Meaning, or “coherence” as others call it, is not something that is just waiting to be found, but something that we create or choose to ascribe in our given situation.
But first, how do we understand the query “What is the meaning of life?” Generally, it pertains to the significance, value, or worthiness of our life or existence – or related to the question, “Does life really matter?” In the local lingo, “May saysay ba ang buhay?”
In particular, “meaning in or of life” seeks to answer the corollary questions: What is life all about? Who are we, and why are we here? What is the purpose of our existence?
Canadian psychologist and professor Paul T.P. Wong defines personal meaning of life as a socially and individually constructed system which can be comprehensively conceived in terms of P.U.R.E. – Purpose, Understanding, Responsible action, and Enjoyment, thus:
You need to choose a worthy PURPOSE or a significant life goal.
You need to have sufficient UNDERSTANDING of who you are, what life demands of you, and how you can play a significant role in life.
You and you alone are RESPONSIBLE for deciding what kind of life you want to live, and what constitutes a significant and worthwhile life goal.
You will ENJOY a deep sense of significance and satisfaction only when you have exercised your responsibility for self-determination and actively pursue a worthy life-goal.
Now, how do we create meaning in our life?
Psychiatrist Viktor Frankl (d. 1997), in his bestselling book “Man’s Search For Meaning,” wrote about his ordeal as a concentration camp inmate during the World War II. Frankl found that those who survived longest in the concentration camp were not those who were physically strong, but those who retained a sense of control over their environment.
He observed: “We who lived in concentration camps can remember the men who walked through the huts comforting others, giving away their last piece of bread. They may have been few in number, but they offer sufficient proof that everything can be taken from a man but one thing: the last of human freedoms – to choose one’s own attitude in any given set of circumstances – to choose one’s own way.”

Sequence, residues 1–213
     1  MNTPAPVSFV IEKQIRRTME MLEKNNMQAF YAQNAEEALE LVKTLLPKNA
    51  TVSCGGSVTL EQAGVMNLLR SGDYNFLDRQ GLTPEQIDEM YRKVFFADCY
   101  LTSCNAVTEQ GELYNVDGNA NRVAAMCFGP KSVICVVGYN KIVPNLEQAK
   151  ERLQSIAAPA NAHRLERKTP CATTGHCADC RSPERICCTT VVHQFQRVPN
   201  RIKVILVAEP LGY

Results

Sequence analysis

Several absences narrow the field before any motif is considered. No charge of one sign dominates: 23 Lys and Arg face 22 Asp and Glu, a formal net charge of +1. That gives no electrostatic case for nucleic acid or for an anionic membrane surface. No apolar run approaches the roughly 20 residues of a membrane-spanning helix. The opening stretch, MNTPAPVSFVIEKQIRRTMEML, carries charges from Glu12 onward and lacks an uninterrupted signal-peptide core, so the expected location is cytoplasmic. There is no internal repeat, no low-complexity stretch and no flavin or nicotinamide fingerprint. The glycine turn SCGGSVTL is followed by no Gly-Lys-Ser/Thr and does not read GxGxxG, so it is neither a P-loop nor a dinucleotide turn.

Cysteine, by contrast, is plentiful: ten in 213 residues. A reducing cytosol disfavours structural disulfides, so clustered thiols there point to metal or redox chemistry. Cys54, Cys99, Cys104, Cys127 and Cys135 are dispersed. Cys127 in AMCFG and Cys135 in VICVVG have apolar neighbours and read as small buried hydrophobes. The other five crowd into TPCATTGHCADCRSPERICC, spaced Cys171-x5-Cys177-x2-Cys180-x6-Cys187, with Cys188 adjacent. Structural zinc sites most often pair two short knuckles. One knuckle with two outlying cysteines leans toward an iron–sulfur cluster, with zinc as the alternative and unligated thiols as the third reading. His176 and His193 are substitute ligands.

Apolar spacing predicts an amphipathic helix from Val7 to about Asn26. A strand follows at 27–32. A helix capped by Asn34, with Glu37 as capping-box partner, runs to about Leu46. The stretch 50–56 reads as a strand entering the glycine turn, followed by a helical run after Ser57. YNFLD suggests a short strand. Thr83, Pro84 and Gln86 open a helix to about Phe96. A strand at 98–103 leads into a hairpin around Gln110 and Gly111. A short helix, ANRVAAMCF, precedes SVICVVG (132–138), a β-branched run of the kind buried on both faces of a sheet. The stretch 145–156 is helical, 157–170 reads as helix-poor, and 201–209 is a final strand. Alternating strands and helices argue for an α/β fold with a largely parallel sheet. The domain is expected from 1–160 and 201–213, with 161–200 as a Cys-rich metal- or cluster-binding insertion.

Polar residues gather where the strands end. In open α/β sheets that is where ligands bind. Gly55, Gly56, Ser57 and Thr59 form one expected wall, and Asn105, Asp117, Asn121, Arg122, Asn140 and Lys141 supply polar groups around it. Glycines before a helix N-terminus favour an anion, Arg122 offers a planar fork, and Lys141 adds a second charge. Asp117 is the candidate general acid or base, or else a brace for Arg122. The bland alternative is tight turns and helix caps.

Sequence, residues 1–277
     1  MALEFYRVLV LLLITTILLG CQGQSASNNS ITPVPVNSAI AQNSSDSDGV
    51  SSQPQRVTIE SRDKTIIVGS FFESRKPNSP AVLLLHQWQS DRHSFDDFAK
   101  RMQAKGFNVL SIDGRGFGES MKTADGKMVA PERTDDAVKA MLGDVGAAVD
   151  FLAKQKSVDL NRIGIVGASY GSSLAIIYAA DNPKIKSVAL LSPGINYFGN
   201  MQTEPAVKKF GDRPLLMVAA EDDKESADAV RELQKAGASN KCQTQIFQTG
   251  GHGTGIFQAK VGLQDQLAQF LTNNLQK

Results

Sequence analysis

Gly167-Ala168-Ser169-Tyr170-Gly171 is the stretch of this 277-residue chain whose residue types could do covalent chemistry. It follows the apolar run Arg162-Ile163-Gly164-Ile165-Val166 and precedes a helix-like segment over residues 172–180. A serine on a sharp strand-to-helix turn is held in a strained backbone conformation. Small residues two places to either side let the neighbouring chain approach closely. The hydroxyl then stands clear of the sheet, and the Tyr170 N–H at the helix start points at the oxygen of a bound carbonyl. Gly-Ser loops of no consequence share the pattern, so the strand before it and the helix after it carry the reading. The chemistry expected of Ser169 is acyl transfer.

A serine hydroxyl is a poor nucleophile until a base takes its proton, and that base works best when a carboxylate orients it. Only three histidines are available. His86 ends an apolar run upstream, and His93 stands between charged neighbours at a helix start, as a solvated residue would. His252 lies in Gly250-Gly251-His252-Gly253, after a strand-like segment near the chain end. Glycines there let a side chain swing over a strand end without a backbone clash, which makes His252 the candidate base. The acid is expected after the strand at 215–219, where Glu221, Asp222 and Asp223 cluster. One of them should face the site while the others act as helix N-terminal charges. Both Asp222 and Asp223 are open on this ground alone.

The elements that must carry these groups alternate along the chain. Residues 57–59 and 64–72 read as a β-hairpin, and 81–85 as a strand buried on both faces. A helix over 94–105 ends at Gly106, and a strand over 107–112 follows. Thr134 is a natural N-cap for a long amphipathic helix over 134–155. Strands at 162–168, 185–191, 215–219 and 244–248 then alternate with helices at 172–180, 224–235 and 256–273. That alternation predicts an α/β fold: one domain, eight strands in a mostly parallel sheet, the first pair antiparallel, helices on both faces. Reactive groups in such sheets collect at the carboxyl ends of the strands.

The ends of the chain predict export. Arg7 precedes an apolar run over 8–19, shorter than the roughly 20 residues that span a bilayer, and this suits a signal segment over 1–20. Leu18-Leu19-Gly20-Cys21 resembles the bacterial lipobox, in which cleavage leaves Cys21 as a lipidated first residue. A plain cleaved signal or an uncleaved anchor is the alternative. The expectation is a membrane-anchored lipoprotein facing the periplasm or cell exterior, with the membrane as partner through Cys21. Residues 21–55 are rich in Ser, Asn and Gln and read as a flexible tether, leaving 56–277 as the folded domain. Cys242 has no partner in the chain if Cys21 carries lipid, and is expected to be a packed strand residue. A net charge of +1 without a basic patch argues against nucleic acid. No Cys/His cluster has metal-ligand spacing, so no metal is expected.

Tellingly, Frankl’s message is one of hope: Even in the most absurd, painful, and dispiriting of circumstances, life can still be given a meaning, and so too can suffering. Life in the concentration camp (where his mother and brother were brutally murdered in gas chambers) taught Frankl that our main drive or motivation in life is neither pleasure nor power, but meaning.
After his release, Frankl founded the school Logotheraphy (from Greek “logos” which means “reason” or “principle”), which aims to carry out an existential analysis of the person and, in so doing, help him/her uncover or discover meaning for his/her life.
For Frankl, meaning can be created through:
Embracing reality by interacting with the environment and with others.
Giving something back to the world through creativity and self-expression.
Changing our attitude when faced with a situation or circumstance that we cannot change.
In sum, Frankl stressed: “The point is not what we expect from life, but rather what life expects from us.”
#InspiredAndBlessed #BobAcebedo #CreatingMeaningInLife #Meaning #Life #PaulTPWong #ViktorFrankl #Inspiration #OpinYonColumn #OpinYon #WeTakeAStand